One of the items on my life list is to attend The Last Night at the Proms. If you don’t know, The Proms is a summer-long, nation-wide series of musical programs held throughout the UK. The name comes from promenade concerts, which were held in parks, and the patrons were free to walk about, or promenade. The 100+ concerts range from serious classical music to a Dr. Who Prom. The concerts are held over an eight-week period and are nightly at the Royal Albert Hall in London.
The Last Night at the Proms is telecast and celebrated in Scotland, Wales, England and Northern Island, with the broadcast moving between the parks, although mostly focusing on the Royal Albert Hall. This year’s Last Night in Wales will be at a place I know well, Caerphilly Castle, or more specifically, Owain Glyndŵr Playing Fields.Frequently, the Proms are topical – in 2006, the 250th anniversary of Mozart’s birth, much of his music was featured. In 2001, the Last Night at the Proms, usually a joyous and festive occasion, was held just four days after the attacks on September 11th, and featured Barber’s Adagio for Strings, a piece of music that will make you weep (and weak) from the sheer sadness of it. In an odd twist of fate, the conductor that night was an American, Leonard Slatkin. He and the musicians, along with the audiences around the UK, look absolutely shattered.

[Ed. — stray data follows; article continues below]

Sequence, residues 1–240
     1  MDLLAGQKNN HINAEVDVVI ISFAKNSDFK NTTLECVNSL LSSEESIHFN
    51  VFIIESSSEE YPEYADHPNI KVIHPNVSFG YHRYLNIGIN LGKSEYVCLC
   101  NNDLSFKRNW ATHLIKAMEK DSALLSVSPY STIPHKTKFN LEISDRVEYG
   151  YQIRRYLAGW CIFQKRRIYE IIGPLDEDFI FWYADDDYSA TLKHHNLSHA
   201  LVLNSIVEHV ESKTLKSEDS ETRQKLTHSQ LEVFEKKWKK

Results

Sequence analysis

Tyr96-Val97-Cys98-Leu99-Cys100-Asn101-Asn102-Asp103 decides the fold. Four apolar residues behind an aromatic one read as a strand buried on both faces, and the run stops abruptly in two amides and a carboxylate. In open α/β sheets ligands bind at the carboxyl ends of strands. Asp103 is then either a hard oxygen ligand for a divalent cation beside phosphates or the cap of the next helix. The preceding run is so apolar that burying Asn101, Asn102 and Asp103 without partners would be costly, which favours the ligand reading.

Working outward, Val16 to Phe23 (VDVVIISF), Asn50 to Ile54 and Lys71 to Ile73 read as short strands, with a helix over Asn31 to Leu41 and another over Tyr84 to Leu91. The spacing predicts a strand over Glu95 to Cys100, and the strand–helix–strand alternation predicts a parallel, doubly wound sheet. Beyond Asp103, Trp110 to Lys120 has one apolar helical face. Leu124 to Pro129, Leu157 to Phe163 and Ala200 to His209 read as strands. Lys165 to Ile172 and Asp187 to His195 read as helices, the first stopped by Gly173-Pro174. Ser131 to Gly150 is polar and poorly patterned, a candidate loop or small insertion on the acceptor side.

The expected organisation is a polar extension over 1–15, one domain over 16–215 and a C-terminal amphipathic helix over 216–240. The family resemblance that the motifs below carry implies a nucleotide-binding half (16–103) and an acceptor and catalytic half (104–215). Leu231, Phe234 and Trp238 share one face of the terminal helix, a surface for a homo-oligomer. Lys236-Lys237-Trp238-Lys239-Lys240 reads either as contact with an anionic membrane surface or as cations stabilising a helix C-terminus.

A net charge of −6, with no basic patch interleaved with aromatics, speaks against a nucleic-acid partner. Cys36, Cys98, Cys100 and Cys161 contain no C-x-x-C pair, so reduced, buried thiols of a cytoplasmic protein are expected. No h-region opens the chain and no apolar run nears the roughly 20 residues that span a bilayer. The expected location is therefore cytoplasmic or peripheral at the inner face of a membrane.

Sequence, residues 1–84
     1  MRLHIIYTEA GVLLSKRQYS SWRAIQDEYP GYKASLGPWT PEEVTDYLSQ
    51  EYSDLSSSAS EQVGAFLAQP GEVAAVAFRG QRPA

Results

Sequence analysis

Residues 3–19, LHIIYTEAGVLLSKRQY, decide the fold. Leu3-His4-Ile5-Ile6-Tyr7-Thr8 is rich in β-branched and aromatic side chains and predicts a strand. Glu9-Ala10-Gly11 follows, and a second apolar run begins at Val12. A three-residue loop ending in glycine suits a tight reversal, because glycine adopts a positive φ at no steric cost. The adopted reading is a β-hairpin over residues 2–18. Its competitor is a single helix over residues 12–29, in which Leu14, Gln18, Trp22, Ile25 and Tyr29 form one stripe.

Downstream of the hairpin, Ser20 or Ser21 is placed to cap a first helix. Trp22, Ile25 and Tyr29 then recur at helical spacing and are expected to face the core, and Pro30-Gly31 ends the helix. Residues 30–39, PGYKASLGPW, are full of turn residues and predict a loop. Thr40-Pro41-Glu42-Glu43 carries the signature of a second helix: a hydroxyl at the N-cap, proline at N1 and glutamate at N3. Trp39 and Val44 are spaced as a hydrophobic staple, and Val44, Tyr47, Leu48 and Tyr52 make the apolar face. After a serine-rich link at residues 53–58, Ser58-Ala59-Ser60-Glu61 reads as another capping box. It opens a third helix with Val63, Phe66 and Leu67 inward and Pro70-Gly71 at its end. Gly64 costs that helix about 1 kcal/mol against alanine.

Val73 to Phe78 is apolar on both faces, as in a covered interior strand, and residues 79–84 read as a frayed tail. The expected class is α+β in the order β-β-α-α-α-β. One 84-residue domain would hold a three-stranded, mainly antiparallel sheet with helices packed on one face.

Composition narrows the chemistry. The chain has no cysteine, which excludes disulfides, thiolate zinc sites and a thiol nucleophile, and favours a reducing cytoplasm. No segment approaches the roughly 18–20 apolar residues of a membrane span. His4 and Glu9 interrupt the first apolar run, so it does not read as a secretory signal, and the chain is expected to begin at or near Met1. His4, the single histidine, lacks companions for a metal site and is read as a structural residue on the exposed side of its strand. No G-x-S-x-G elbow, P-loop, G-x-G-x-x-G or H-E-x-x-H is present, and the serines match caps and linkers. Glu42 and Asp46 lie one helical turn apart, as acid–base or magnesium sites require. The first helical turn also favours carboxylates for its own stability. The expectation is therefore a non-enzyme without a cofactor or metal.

The first half of the Last Night of the Proms features a variety of composers and musical compositions, but the second half is a series of set pieces. Those include Edward Elgar’s Pomp & Circumstance, Hope & Glory, more well-known as the Graduation song, as well as Henry Wood’s Fantasia on British Sea Songs. Rule Britannia is also another piece that’s always included. The concert concludes with Hubert Parry's Jerusalem (a setting of a poem by William Blake), and the British national anthem. Auld Lang Syne is also included, and oddly, so is the song, You’ll Never Walk Alone from the musical, Carousel. (Click links to hear the songs referenced)
Now, what’s this all got to do with a girl? Well, the girl in question is the first woman to conduct The Last Night at the Proms, Marin Alsop, who is also the conductor of our own Baltimore Symphony Orchestra.
She’s an incredibly accomplished woman, winner of a MacArthur Fellowship (the first conductor to receive one!), founder of the Orch-Kids (teaching inner city children about music) and a graduate of Yale and Julliard. That she’s been awarded this plum role is a huge credit to her! We’re so pleased.
The BBC Last Night of the Proms will be broadcast on Saturday, September 7, 2013 at 7:30 p.m. GMT. You can access the BBC through various services including my personal favourite, Tunnelbear.com. It basically changes your IP address to a UK one, so you can access BBC and other UK television programs. Very handy for watching episodes of Downton Abbey before anyone else!